It was not until the 20th century that a fourth string became normal for double basses in a symphony orchestra. This was the additional E string, a fourth below the standard A¢ string. In the 19th century, despite every other instrument becoming more chromatic and being required to be able to play every note a composer demanded, the double bass remained unaffected and pitches below A were transposed up an octave. This, of course, meant that the melodic line being played at double bass pitch (an octave below the cello) was for a moment lost.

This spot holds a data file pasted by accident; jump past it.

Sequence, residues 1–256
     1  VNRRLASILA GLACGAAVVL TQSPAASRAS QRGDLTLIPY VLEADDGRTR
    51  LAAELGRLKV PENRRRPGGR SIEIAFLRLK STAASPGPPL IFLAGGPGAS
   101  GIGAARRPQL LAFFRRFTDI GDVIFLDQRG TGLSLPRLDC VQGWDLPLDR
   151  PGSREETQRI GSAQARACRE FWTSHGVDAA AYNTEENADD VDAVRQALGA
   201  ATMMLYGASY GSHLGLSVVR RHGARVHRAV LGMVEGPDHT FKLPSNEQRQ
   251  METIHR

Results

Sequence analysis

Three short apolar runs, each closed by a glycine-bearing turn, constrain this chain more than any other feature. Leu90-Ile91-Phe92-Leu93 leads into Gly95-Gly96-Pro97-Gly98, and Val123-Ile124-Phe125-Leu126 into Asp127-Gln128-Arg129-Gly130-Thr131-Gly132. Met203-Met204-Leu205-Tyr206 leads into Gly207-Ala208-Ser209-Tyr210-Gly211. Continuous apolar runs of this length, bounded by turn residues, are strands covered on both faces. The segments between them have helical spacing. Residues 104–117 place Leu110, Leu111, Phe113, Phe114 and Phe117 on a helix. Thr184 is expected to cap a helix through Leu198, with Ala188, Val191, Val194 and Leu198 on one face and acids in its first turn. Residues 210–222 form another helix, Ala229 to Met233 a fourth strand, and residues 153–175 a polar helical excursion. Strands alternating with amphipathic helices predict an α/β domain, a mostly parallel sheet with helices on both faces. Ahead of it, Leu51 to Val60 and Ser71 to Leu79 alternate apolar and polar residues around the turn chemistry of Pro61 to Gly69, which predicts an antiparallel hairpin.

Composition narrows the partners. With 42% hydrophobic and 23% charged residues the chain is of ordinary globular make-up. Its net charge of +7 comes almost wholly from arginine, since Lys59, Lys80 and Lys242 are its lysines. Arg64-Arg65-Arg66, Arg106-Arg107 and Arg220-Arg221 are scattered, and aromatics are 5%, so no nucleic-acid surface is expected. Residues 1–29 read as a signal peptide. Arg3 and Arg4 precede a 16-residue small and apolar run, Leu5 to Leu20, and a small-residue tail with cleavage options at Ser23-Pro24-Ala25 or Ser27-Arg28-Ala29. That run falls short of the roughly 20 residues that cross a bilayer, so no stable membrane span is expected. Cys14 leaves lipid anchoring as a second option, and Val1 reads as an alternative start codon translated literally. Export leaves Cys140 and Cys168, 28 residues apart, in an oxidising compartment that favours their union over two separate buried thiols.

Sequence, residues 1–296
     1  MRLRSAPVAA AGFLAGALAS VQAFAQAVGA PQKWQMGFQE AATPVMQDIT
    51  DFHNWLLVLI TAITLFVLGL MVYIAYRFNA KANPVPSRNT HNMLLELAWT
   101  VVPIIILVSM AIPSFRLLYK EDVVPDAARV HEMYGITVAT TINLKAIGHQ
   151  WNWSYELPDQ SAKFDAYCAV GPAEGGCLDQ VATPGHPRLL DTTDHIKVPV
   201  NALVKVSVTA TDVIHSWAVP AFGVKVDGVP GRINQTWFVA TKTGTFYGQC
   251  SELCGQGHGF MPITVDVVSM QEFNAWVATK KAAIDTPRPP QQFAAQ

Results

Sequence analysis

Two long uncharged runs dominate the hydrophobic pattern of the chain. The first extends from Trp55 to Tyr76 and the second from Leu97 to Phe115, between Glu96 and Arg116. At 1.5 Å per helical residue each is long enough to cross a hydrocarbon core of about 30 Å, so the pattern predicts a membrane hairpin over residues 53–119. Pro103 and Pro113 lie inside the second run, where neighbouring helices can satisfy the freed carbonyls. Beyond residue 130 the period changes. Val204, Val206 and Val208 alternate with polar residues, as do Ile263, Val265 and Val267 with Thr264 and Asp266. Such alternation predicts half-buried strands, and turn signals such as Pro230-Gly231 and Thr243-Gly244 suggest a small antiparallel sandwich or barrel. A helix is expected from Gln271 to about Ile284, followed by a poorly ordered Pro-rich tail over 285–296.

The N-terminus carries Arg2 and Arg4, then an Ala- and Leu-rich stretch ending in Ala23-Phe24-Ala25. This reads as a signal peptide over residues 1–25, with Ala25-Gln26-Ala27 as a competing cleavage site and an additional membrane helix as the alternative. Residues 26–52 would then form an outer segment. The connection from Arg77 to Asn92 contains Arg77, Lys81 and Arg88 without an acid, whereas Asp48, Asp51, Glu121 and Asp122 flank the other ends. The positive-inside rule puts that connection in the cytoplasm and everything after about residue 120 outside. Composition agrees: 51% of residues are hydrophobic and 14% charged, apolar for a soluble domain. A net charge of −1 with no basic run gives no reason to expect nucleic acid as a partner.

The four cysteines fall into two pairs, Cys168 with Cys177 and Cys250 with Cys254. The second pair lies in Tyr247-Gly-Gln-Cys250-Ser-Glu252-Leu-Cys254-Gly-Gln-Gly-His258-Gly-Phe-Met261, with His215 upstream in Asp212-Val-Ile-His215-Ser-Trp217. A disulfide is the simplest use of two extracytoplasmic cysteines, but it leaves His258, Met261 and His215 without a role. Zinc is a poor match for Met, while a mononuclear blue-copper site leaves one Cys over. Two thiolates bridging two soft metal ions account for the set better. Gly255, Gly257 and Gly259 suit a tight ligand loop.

In most Haydn and Mozart symphonies the double bass merely doubles the cello, but in Beethoven and later it acquired an independent line. The scherzo of Beethoven’s Fifth Symphony is a good example of the double bass’s new, 19th-century independence.